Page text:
Using a self-administered questionnaire, participants revealed their alcohol intake frequency (never, occasional drink, 1–2 days/week, 3–4 days/week, daily with day off drinking and daily without day off drinking) and the quantity of each type of alcoholic beverage consumed. To determine the quantity of alcohol consumed, participants used information provided on the alcohol/ethanol content of each beverage type equivalent to sake. One go (a traditional Japanese measurement) of sake (23 g of alcohol) is roughly equivalent to 2 glasses of wine, 633 mL of beer, 2.5 single glasses of whisky or 0.5 cup of shochu. We used a scoring method for the frequency of alcohol consumption as follows: 0.5 for an occasional drink, 1.5 for 1–2 days/week, 3.5 for 3–4 days/week, 5.5 for daily with day off drinking and 7 for daily without day off drinking. We set four alcohol categories by calculating the average daily alcohol consumption: never, moderate (less than 23 g of alcohol/day), heavy (23–45.9 g/day) and very heavy (46 g/day or more).27 The validation for this kind of assessment for alcohol consumption was reported in a previous Japanese cohort study.28 Based on the alcohol intake status at the baseline, participants were divided into never-to-moderate alcohol drinkers (n=7803) and heavy alcohol drinkers (n=2343).27
A questionnaire assessed leisure-time PA in a typical week by frequency (never, <1×, 1×, 2× and >3×/week), duration (minutes per session) and intensity (low, moderate, vigorous and very vigorous). Low-intensity PA includes activities such as walking, light bicycling, gymnastics, light dancing, golf and Japanese croquet. A moderate-intensity PA includes jogging, bicycling (about 16 km/h), hiking, badminton, tennis and ballroom dancing. A vigorous-intensity PA includes jogging (about 9.6 km/h), swimming, climbing hills and aerobic dancing. A very vigorous PA includes running a marathon, rope jumping and competitive sports such as soccer and rugby. Because few respondents participated in very vigorous PA, we combined the very vigorous and vigorous PA into a single group of vigorous-intensity PA. The low-intensity activities corresponded to about 3–5 metabolic equivalents (METs), moderate-intensity corresponded to 5–7 METs and vigorous-intensity corresponded to 7 or more METs.29 ,30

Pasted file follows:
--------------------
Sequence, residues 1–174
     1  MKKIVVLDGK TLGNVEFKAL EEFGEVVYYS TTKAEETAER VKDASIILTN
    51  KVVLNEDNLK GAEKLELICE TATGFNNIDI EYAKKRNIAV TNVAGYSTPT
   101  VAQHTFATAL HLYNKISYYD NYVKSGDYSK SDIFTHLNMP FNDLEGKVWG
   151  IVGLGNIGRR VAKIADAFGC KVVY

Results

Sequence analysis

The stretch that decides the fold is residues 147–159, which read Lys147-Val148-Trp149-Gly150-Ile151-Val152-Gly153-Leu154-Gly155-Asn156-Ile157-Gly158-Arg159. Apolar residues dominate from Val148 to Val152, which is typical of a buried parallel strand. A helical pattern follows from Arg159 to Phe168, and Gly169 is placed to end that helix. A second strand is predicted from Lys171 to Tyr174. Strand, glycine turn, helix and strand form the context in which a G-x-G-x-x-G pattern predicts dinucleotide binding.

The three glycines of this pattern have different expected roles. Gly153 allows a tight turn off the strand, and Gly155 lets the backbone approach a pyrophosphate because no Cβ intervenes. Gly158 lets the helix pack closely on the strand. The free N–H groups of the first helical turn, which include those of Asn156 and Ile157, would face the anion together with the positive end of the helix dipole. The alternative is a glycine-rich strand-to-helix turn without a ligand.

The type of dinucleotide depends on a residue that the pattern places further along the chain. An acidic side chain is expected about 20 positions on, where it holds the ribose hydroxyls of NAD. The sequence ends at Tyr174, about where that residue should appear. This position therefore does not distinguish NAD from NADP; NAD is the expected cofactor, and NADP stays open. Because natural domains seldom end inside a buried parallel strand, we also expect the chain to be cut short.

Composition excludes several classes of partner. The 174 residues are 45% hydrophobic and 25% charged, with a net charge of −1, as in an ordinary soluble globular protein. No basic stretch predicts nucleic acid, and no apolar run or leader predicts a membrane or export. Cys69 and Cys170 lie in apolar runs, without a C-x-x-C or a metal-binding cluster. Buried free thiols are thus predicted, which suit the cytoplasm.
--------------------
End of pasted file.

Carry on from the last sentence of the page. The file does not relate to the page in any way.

Since 10 min is considered the minimum for a single event activity,31 we determined a single session of PA to be >10 min. Each frequency (<1×, 1×, 2× and >3×/week) of low-intensity, moderate-intensity and vigorous-intensity PA was used in our analyses.
Demographic variables included age, gender, body mass index (BMI), alcohol consumption (never, moderate, heavy and very heavy), smoking status (never, former and current), meat and green/yellow vegetable intake status (never or seldom, once every 2 days and one or more times per day), family history of liver disease (yes or no) and diagnosis and drug usage histories (yes or no) for hypertension, diabetes and dyslipidaemia. A blood sample was drawn from each participant after an overnight fast. The serum triglycerides (TG), low-density lipoprotein cholesterol (LDL-C), high-density lipoprotein cholesterol, fasting plasma glucose (FPG), glycated haemoglobin (HbA1c), aspartate aminotransferase (AST), alanine aminotransferase (ALT) and γ-glutamyltransferase (GGT) were measured using standard techniques. Systolic blood pressure (SBP) and diastolic blood pressure (DBP) were taken from the right arm using a mercury manometer after the participant rested for at least 15 min in a sitting position.
Exposure and outcome